Imager is the beginning of a whole new fantasy in a whole new magical world from the bestselling creator of Recluce. Although Rhennthyl is the son of a leading wool merchant in L’Excelsis, the capital of Solidar, the most powerful nation on Terahnar, he has spent years becoming a journeyman artist and is skilled and diligent enough to be considered for the status of master artisan–in another two years. Then, in a single moment, his entire life is transformed when his master patron is killed in a flash fire, and Rhenn discovers he is an imager–one of the few in the entire world of Terahnar who can visualize things and make them real.
He must leave his family and join the Collegium of Imagisle. Imagers live separately from the rest of society because of their abilities (they can do accidental magic even while asleep), and because they are both feared and vulnerable. In this new life, Rhenn discovers that all too many of the “truths” he knew were nothing of the sort. Every day brings a new threat to his life. He makes a powerful enemy while righting a wrong, and begins to learn to do magic in secret. Imager is the innovative and enchanting opening of an involving new fantasy story.
by L. E. Modesitt Jr.
Imager Portfolio #1
March 17, 2009
Imager is about a young artist who rather unexpectedly finds himself out of a job when his master is killed in an explosion. But, despite his talents, or perhaps because of them, no other master will take him on. So, he’s left with a rather daunting choice: join his father as a factor (kind of like a merchant/accountant) or cross the Bridge of Dreams and try to become an imager. It’s not a light decision, as a good number of those who try the latter end of leaving by way of the Bridge of Stones or simply disappear. But, factoring is boring, and Rhennthyl is willing to take a chance on what he guesses to be a rather pathetic aptitude for imaging. At least it will be interesting.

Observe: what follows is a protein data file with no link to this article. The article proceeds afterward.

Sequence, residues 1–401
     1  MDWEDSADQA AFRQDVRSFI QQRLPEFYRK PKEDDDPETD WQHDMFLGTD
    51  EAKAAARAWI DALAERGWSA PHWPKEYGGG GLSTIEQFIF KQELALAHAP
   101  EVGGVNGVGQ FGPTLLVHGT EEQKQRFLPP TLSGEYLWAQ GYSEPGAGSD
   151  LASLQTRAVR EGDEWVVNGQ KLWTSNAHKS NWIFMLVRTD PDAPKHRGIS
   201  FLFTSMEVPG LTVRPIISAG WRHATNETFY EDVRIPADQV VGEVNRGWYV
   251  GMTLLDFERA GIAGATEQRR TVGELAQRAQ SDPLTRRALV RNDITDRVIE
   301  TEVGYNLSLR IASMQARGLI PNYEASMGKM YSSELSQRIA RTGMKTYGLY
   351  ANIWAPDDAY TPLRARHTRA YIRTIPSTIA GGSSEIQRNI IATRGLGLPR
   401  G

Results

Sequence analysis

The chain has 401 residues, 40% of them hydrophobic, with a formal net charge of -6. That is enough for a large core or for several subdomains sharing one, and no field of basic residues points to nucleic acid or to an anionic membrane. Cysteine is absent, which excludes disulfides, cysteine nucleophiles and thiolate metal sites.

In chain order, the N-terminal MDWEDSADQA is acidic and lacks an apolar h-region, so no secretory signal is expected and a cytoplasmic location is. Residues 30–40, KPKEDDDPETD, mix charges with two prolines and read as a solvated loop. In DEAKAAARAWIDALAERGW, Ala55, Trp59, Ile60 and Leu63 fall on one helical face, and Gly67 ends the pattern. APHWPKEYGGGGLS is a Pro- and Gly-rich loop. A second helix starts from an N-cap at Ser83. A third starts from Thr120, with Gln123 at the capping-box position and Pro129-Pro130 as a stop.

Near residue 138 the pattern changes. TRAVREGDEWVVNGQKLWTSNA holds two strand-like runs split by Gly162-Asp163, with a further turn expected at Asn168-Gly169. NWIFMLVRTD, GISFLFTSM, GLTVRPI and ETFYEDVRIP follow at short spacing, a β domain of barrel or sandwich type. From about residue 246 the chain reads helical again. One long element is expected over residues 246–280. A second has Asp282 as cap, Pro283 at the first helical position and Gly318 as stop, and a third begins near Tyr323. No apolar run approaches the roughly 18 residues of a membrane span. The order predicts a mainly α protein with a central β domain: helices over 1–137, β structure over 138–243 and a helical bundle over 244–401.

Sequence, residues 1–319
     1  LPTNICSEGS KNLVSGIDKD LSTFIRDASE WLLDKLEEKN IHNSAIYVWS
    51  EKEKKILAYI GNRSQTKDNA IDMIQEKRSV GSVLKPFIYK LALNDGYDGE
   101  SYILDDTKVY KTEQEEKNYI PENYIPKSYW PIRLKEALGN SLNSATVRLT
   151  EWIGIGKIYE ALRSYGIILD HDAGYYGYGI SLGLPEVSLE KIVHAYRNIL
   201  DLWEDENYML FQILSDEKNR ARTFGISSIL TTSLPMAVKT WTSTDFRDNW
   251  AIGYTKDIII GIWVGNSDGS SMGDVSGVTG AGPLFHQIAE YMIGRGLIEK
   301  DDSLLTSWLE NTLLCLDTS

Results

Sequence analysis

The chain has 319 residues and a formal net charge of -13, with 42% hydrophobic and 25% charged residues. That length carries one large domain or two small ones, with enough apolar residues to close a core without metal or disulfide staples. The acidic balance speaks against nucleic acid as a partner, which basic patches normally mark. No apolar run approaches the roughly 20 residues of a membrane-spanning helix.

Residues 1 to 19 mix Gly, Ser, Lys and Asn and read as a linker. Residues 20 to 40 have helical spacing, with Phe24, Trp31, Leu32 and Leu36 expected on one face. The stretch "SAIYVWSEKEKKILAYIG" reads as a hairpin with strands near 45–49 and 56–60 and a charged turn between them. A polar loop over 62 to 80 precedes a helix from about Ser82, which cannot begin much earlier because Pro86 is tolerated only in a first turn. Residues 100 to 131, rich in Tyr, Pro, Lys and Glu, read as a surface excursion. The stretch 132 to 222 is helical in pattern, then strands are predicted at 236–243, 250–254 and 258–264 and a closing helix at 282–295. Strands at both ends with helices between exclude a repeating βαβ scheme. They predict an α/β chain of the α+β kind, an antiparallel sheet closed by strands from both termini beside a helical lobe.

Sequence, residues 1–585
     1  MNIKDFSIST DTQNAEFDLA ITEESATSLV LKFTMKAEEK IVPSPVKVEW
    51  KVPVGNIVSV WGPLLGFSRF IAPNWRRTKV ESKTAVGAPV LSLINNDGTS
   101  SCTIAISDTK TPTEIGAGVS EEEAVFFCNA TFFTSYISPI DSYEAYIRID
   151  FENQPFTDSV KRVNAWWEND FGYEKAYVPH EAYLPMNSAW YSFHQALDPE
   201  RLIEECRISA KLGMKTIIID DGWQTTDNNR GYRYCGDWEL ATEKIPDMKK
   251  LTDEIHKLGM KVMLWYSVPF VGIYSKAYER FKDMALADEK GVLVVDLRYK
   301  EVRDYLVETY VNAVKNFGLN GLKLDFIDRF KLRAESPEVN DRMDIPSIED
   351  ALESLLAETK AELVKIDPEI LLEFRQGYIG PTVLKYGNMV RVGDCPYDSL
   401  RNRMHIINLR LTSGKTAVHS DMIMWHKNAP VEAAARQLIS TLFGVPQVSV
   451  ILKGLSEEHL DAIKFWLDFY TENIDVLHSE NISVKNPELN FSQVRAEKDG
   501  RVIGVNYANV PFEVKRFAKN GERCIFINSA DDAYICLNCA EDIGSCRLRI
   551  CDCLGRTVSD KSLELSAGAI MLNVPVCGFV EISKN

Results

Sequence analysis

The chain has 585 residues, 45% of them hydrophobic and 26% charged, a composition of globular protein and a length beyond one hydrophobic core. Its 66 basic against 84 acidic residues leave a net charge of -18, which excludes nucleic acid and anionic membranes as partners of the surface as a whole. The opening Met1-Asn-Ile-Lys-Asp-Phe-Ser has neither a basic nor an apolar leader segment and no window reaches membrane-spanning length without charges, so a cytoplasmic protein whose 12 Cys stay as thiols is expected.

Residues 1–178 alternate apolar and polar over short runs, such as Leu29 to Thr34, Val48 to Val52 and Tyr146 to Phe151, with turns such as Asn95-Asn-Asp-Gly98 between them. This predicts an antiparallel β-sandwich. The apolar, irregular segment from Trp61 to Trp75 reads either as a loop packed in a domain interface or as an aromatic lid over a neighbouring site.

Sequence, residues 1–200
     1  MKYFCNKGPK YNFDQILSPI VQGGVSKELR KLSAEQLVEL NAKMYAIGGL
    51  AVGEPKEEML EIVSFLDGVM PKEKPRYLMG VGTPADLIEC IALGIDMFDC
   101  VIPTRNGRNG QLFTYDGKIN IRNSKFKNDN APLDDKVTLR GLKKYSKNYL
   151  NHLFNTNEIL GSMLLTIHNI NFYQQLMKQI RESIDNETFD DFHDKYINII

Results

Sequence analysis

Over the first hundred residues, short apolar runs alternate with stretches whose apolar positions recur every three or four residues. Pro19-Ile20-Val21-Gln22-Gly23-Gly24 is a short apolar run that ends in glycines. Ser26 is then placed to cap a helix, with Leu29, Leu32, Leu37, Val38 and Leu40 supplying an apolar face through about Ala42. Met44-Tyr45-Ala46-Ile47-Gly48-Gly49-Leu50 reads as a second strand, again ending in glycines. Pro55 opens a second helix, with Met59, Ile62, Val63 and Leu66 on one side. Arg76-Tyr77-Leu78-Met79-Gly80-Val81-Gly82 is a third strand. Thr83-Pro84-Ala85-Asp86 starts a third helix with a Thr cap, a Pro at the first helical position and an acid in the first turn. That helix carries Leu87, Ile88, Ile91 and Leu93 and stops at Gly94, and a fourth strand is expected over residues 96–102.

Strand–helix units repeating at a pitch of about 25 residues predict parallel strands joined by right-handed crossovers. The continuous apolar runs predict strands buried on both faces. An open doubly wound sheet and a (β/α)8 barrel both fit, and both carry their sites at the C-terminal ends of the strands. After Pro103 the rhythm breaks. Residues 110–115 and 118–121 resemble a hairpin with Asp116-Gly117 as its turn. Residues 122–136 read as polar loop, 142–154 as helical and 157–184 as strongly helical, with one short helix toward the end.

So, yes, this is one of those “young man discovers power and becomes awesome” books. I like that. I also like reading about new magic systems and discovering the ins and outs of such alongside the young man (or woman) who is learning the craft. This book does that rather well. Imaging takes on a rather mysterious reputation for the layperson in the story, and Rhenn finds that it remains so to a certain degree even after joining their ranks. I also dig how he’s obviously on track for something special, though Rhenn and the reader are kept in the dark about the exact nature of his future in the Collegium.
I also enjoyed the familial and social dynamics, the political and religious influences on the characters and the countries mentioned, and the romantic relationship between Rhenn and his sweetheart. The story offers a level of complexity with regard to these things that I enjoy.
Now, that being said, this isn’t the most exciting book I’ve ever read. At some points, I was just reading to experience the story, not especially driven to finish it in any record time or to discover who did what or why. It just sort of takes its time, tending to reveal much of the background and remote goings on over various meals and associated conversations. The selection of wine and the commentary on the various dishes seemed kind of pointless to me, but they never fail to be mentioned. I also get the sense that Rhenn’s a bit arrogant, though he seems to be trying to control that tendency.
Overall, I liked this story pretty well, though it’s not extremely exciting. It was a good escape and I think I’d like to read the next (probably will, too, since I’ve already bought it). I’d recommend this to folks who like a good fantasy featuring a young hero coming into his powers and making plenty of enemies along the way. This is not for folks who get bored when a book diverts into politics or intrigue, but those who like such things will probably enjoy it.
I purchased this book at a local book store upon the recommendation of someone who worked there. The writer is prolific, so if you like this, you’ll have many more books available with which to fill your shelves.
The review copy of Imager was purchased by the reviewer.
ABOUT THE AUTHOR
After spending years writing poetry, political speeches and analyses, as well as economic and technical reports on extraordinarily detailed and often boring subjects, I finally got around to writing my first short story, which was published in 1973. I kept submitting and occasionally having published stories until an editor indicated he’d refuse to buy any more until I wrote a novel. So I did, and it was published in 1982, and I’ve been writing novels — along with a few short stories — ever since.
If you want to know more, you can visit my website at www.lemodesittjr.com.